The Ingenuity of Walking
a response to the Seminar’s Provocation
In 1969 Argentine writer Julio Cortázar published a groundbreaking literary almanac Último round (Last Round). Nestled amongst 45 articles, essays, poems, short stories, sketches, street poetry, paintings and photography in the book is “El Tesoro de la Juventud,” Cortázar’s “brief history of scientific progress.”
This hilarious reverse history begins with recent technologies in sea, land, and air transportation. It then works forward to the increasing convenience of flying at lower altitude to better appreciate the landscape, to the bicycle as far superior in this respect, and then to the invention of walking, which seems to defy efforts of the imagination to surpass its convenience. Travel by sea leads to the parallel breakthrough invention of swimming.
What propels Cortázar’s playful history is the caricature of a relentless human appetite for safer, simpler, more intimate forms of transportation, until in the end, driven by child-like simplifying logic, we turn out to embody all the technology needed to do what we like best.
Such a comic, deliberately absurd chronology underlines the meaninglessness of Western technological progress, of advancement as a never-ending march towards “time, forward!” “Pedestrians and swimmers are the culmination of the scientific pyramid,” declares Cortazar.
Of course, those of us who live and work in Africa know that our relationship to technology is always more complex. Here, radical changes often go hand in hand with gradual and subtle shifts, and sudden ruptures are deeply embedded in structures of inertia and the logic of routine and repetition.
High digital connectivity exists alongside new levels, forms and types of circulation, observable in the movement of bodies, commodities and idea. Exploding financial markets, proliferating highways of electronic circulation, ever longer distanced extraction, and expanding property regimes share the space with more primitive forms of production and accumulation.
The detritus of Western and Eastern digitisation, redundant computers and components dumped in Africa are repurposed and rewired by Nigerian scammers to pull off the third-largest bank theft in history. A border fence, once dubbed the snake of fire because of its lethal charge, is no longer live but remains a living monument that delineates ‘here from there’. Digital music is composed in a computer in a township shack, remixed online, transferred to tape and then distributed across the continent via the pan African migrant sneaker network.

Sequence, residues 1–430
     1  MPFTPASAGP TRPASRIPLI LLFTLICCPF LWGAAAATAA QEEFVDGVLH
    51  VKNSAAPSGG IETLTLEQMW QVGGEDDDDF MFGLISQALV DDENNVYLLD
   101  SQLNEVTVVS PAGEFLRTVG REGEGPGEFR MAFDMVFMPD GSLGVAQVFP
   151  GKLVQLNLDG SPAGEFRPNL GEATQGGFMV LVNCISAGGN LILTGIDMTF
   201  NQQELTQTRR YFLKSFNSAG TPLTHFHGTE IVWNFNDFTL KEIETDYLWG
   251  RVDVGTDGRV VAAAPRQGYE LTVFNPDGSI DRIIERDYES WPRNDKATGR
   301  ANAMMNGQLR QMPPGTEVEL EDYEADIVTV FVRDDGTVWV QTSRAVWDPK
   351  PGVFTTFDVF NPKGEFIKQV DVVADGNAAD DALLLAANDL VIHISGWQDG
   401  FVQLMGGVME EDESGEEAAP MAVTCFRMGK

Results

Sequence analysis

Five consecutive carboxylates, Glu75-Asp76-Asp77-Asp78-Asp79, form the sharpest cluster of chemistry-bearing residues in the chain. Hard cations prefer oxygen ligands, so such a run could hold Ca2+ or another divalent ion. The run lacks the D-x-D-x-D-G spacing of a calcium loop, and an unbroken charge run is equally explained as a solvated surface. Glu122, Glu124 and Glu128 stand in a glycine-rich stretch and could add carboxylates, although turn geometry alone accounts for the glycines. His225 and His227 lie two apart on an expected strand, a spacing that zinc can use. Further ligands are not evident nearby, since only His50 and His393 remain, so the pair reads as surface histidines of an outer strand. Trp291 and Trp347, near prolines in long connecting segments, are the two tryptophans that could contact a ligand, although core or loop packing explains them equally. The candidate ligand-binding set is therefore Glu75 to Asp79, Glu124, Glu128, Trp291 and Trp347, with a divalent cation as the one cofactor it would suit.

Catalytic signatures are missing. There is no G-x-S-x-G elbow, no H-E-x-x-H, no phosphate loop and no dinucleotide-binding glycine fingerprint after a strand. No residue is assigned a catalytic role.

Here, communication is often less a matter of order and contract than of improvisation, composition and experiment. New forms of and ways of creating, sharing and distributing knowledge are continually emerging.
In such a context the assertion of a putative incommensurability between the “hightech” and the “primitive,” “new media” and “old media” is becoming increasingly meaningless. Rather than being radically disjunctive, these concepts are mutually constitutive. Media technology, blogs and social networks are not replacing tradition media; rather they live side by side in an increasingly entangled relationship that often opens up spaces for new forms of knowledge.
Chimurenga’s latest publishing project is a newspaper, an old-fashioned traditional paper broadsheet. Its newsroom however is online. This “offshore” base brings together editors, writers and photographers from across the global pan African network. An active working space, The Chimurenga Newsroom blog allows us to share ideas, research, story pitches and track the development of stories and interact with the broader public. But it is also open-source archive, a self-reflexive document that allows us to delve into the history and the structure of our newspaper, and to account for the multiplicity of the pathways and trajectories that the project takes. Here contributors are able to work between numerous temporalities – world time, local time, communications time, logistics time – time to get there, time to leave – real time, historical time and future time, analogue time and digital time.
Similarly, the Pan-African Space Station is an online radio station that streams cutting edge music from global Africa, live online 24/7. Its base however is a Tagore’s Jazz Bar. A small, dingy club in Observatory, Cape Town, Tagore’s might not feature on any global music maps, but it is this space that gives the station its content, its community, its texture and its uniqueness. It is this physical space that facilitates a unique musical engagement with the world, both the world of others, and the world which we call our own.
In the same way, the Chimurenga Library is both a place and an idea. Manifesting as an online presence and through physical interventions, it is a library less interested in physical collections than the space between them – the ideas that link them together, the dependencies between them, and how we manage that interstitial space. Ultimately it is not a question of medium, but one of imagination.
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